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This paper examines the factors controlling the petrogenesis and chemical alteration of oceanic layer 2 basalts recovered from the margins and interior of the Nazca plate in the southeast Pacific. Specifically, the extent and nature of fractional crystallization, spreading-rate variations, proximity to mantle plumes and prominent fracture zones, mantle source-rock heterogeneities, and secondary alteration are evaluated as some of the more salient factors influencing the composition of upper oceanic lithsophere of the plate. A total of 274 analyses from 88 locations are available for this purpose, and many analyses are of crust generated at the fastest spreading part of the world’s mid-ocean ridge system, the East Pacific Rise.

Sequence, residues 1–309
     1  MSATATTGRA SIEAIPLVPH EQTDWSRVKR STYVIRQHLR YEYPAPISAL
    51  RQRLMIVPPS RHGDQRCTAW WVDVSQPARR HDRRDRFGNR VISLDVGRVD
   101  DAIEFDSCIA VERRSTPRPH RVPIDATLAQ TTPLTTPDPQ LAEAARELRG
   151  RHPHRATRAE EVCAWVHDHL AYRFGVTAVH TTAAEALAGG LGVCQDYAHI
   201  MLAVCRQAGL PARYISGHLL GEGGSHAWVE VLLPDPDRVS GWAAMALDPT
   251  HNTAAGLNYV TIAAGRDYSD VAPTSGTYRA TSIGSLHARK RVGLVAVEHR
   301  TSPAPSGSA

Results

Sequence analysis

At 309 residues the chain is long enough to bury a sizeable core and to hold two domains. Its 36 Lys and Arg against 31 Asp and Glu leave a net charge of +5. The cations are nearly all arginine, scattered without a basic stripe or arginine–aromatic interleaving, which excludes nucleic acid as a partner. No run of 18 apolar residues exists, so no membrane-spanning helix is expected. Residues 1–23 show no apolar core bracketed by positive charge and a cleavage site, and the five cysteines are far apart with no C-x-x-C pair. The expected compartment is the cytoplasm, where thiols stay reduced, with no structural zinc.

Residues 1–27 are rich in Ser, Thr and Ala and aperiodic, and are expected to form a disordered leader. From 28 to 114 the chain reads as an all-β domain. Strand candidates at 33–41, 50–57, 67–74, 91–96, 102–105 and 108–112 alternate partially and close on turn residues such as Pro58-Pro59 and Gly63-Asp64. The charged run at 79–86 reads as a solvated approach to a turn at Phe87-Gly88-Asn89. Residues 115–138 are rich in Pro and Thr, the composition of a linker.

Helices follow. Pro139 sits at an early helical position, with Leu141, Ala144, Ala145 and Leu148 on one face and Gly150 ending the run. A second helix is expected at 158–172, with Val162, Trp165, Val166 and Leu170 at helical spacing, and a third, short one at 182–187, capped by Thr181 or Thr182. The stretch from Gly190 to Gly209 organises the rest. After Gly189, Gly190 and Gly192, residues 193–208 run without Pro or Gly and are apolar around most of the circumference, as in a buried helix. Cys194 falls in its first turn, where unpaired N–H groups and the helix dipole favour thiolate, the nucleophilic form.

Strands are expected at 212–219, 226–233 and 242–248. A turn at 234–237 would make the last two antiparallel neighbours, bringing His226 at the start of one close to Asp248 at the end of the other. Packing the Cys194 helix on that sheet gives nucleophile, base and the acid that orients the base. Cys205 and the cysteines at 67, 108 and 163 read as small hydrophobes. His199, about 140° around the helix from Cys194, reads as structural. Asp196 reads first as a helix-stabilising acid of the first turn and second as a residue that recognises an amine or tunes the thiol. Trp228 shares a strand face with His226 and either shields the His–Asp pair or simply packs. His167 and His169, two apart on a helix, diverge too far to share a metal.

We find that oxidative, low-temperature sea-water alteration, extensive shallow-level fractional crystallization, and mantle source-rock inhomogeneities are the most important factors. The most pronounced effects of oxidative alteration (high Fe2O3/FeO ratios and K2O contents; low MgO abundances; preponderance of a celadonite-iron oxide secondary mineral assemblage) are observed in older basalts (<10 m.y.) dredged from topographic highs on the plate interior, whereas basalts dredged from the crestal portions of the East Pacific Rise and the Galapagos spreading center show only minimal chemical effects of alteration. Only where drilling or recent tectonism has made possible the recovery of basalts from lower in the crustal section are the effects of nonoxidative (hydrothermal) alteration preserved (low Fe2O3/FeO ratios and K2O contents; high MgO abundances; smectite-dominated secondary mineral assemblage). Extensive shallow-level fractional crystallization, involving plagioclase, clinopyroxene, and olivine, is clearly the most important process controlling the range in composition of basalts observed in many areas; Fe-Ti basalts are the end products of this process and are common on the plate. Clinopyroxene fractionation is required for the formation of many of these highly evolved basalts, and this is indicated by observed phenocryst assemblages, normative mineralogy, standard variation diagrams and petrogenetic modeling. First-order regional differences in the composition of mantle source rocks are required to explain the pronounced light-rare-earth-element enrichment and high 87Sr/86Sr ratios of basalts associated with suspected mantle-plume activity of Easter Island and the Galapagos Isalnds. Less pronounced mantle source-rock heterogeneity may be responsible for the occurrence of mid-ocean ridge basalts with similar major-element abundances but markedly different rare-earth-element patterns. Except for fracture-zone offsets near 85° and 95°W longitude along the Galapagos spreading center, we find little evidence supporting the concept that such prominent offsets may be compositional interfaces between opposing rise-crest segments of the East Pacific Rise. Continuous compositional variation exists along the East Pacific Rise, although basalts tend to become somewhat more primitive as the Nazca-Pacific-Cocos triple junction is approached. Compared to basalts from the slow-spreading Mid-Atlantic Ridge, basalts analyzed from the fast-spreading East Pacific Rise and the Galapagos Rise are significantly more evolved (higher FeO*/MgO ratios and TiCh contents; lower CaO and AI2O3 abundances). Such systematic differences in major-element abundances appear related to a near order-of-magnitude difference in spreading rates of the divergent plate margins and to the size and continuity of subaxial magma chambers that can be physically maintained beneath them. It is proposed that an enhanced thermal regime beneath a fast-spreading center favors the existence of a large, steady-state magma chamber. Primitive magma entering such a reservoir will mix with much larger volumes of highly evolved magma, thereby reducing the probability that primitive magma can be erupted on the sea floor. The observed extensive fractionation required to account for the highly evolved character of Nazca plate basalts would require a thicker layer of oceanic layer 3 cumulate; available seismic refraction data support the existence of such a layer for older crust of the Nazca plate.

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